Shannonslattery
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Shannonslattery, August 7,  2016  5:54am EST

Afib and air plane travel

my company wants me to travel from Seattle to Chicago for a meeting. I was diagnosed with Afib 6 months ago, my IR told me to live a normal life. I am taking a beta blocker daily, I am worried that air travel could cause a Afib attack? Please let me know your experience with air travel.
  • Barbara Jane
    Barbara Jane, March 27,  2017  5:14am EST
    I love using "wheelchair service" at airports.  The pushers are usually so kind and accomodating.  Just have lots of $1 and $5 bills handy to tip, depending on the length of the ride.
  • Lutonian88
    Lutonian88, March 26,  2017  6:20am EST
    zippy:Regarding air travel - make it easy on yourself~!I travel from Austin to CA and other locations regularly - the flights are about 4 hours - I prefer non-stop, no plane changes because it is easier.I've learned to check in at the curb, take a wheelchair at the curb, and the whole process is much easier.  They'll get you thru security quickly and efficiently, and to the gate.  Take the wheelchair all the way to the entry to the plane.  Have them meet you on the other end with wheelchair, they'll take you to baggage claim, to your rental car, etc.Yes, one might have to get over their pride or ego to take a wheelchair - I got over it real fast when I was completely out of breath and had to stop several times, just walking to the baggage claim area.  NOT good.  Since then, I just ask for and receive assistance.  Everyone is really great about it.  Yes, I do tip the person pushing the chair, the baggage guy, etc.  To me, their assistance is priceless~!!The flights, for me, aren't the issue. It's getting thru the airport, so, by using a wheelchair and getting help with bags, I can travel pretty easily, even though it can be tiring.  Travel the day before, rest up that night, and you'll be fine the next day.  Travel home the day AFTER your event/meeting/conference - again, much easier.I do allow lots of time, and am typically at the gate a full hour before boarding time.  I would MUCH rather just sit and wait than have to rush.  It's the rushing, walking fast, and physical exertion that makes air travel hard, so just plan ahead and avoid it.If you have a CPAP machine, definitely take it with you~!  Security will most likely have you remove it from the bag, (don't forget to empty the water from the CPAP)  so I like to make sure my face mask is protected, or, you can even put it in your checked bag. I prefer to carry my meds and CPAP in a small carry on bag, so I know I have them both with me at all times - gives me peace of mind.Enjoy your flights~!Zippy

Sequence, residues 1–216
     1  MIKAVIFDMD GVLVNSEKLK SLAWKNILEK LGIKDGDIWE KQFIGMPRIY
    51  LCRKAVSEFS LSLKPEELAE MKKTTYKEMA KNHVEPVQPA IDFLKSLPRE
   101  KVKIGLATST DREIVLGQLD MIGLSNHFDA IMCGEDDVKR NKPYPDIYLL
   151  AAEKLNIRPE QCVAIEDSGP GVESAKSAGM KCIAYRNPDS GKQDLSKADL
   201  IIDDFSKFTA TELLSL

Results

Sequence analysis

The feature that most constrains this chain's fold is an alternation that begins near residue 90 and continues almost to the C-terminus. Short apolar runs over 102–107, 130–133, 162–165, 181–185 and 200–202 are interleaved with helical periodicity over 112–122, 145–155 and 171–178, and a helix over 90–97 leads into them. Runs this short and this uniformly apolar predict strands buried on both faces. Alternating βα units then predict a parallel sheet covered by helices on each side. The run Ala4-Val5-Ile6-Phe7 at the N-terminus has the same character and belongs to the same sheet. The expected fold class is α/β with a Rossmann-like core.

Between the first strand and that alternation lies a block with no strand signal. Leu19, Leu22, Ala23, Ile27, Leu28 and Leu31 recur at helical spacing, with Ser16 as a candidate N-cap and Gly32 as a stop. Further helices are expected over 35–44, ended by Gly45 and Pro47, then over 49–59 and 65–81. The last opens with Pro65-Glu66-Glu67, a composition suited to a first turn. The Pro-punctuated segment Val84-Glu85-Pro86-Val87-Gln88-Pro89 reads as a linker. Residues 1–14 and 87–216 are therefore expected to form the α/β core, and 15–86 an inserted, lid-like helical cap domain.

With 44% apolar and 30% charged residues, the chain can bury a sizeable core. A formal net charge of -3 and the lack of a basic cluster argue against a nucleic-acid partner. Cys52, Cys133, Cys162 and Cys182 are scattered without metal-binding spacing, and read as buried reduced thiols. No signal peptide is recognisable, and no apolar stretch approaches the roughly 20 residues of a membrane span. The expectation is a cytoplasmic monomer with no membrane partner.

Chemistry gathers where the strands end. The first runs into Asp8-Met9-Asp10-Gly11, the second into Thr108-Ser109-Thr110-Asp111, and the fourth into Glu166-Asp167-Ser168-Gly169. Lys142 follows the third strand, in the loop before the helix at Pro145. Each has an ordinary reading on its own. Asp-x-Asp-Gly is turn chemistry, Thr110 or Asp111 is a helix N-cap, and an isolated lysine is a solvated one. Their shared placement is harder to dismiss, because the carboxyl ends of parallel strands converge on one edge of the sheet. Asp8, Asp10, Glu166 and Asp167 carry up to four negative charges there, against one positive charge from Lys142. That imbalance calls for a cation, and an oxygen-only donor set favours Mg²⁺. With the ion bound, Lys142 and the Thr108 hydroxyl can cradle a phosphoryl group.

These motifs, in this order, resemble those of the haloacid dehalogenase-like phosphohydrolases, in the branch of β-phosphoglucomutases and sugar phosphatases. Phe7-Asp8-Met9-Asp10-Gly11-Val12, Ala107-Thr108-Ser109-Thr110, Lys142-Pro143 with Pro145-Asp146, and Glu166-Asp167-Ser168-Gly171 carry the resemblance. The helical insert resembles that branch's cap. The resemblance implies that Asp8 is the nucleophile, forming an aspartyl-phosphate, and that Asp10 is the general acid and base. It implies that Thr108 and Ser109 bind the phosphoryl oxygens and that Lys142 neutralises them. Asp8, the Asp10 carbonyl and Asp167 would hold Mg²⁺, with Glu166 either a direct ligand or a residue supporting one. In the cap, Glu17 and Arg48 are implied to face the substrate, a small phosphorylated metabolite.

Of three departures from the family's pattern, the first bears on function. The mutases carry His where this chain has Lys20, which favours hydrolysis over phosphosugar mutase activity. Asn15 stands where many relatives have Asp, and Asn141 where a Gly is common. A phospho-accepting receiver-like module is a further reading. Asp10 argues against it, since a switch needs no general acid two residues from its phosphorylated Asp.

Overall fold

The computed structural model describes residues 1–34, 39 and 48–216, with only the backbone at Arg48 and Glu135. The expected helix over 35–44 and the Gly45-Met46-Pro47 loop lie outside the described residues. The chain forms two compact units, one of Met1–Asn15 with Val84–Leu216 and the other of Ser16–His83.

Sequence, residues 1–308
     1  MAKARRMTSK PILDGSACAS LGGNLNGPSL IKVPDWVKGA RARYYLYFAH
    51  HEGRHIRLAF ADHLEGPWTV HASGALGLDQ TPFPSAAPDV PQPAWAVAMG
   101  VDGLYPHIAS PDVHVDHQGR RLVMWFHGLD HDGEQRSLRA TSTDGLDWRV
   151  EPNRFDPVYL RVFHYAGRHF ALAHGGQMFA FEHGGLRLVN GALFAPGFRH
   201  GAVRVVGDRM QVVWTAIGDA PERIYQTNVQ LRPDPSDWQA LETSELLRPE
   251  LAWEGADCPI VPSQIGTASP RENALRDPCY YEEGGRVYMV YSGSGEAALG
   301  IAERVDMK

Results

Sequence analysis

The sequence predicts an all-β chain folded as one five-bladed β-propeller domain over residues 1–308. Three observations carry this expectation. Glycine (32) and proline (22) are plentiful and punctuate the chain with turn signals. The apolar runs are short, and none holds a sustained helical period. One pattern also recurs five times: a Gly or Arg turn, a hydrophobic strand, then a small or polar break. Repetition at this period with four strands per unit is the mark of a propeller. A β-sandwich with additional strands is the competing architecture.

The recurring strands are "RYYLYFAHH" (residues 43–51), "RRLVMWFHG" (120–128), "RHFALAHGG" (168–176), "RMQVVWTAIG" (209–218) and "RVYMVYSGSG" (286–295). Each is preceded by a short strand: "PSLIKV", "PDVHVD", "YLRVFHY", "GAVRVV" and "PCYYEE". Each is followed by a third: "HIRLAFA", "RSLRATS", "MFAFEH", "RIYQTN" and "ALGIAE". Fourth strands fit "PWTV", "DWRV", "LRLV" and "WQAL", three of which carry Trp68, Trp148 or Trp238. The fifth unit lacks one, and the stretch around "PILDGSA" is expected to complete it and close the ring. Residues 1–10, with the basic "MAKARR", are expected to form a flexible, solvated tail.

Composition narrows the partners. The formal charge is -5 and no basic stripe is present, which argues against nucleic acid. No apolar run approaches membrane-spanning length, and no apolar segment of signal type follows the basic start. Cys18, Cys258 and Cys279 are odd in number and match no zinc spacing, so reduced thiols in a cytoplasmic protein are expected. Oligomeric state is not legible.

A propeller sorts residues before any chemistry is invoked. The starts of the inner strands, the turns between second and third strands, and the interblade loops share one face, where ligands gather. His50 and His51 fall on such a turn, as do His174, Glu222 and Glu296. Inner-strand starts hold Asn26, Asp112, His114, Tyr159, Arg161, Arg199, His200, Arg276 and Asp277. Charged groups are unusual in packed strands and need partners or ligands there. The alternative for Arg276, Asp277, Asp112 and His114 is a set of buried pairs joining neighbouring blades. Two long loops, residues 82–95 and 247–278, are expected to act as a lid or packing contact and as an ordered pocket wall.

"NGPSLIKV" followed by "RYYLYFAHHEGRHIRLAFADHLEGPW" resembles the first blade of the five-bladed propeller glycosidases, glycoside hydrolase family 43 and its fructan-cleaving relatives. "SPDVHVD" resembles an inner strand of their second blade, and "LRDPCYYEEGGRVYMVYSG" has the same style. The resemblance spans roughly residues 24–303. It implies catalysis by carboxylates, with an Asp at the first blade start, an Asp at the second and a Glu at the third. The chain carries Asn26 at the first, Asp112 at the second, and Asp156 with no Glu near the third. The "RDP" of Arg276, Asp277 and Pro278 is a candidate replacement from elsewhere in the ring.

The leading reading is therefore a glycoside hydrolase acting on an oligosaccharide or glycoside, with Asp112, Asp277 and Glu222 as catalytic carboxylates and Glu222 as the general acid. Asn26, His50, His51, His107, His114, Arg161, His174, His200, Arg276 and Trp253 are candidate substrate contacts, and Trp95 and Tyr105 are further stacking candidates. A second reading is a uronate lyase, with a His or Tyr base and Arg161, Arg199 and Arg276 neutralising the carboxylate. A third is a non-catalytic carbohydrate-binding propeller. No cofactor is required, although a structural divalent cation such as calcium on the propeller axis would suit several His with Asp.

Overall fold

• Lalabuddy
    Lalabuddy, March 25,  2017  1:33pm EST
    Fit-N-Happy,We drive from Colorado to NC several times a year - it's a 24 hour drive and we do it in 2 days - 12 hours each day. Stay hydrated - drink plenty of water which will make you stop frequently - eat healthy food and get plenty of sleep. I've never had any problems. Best of luck!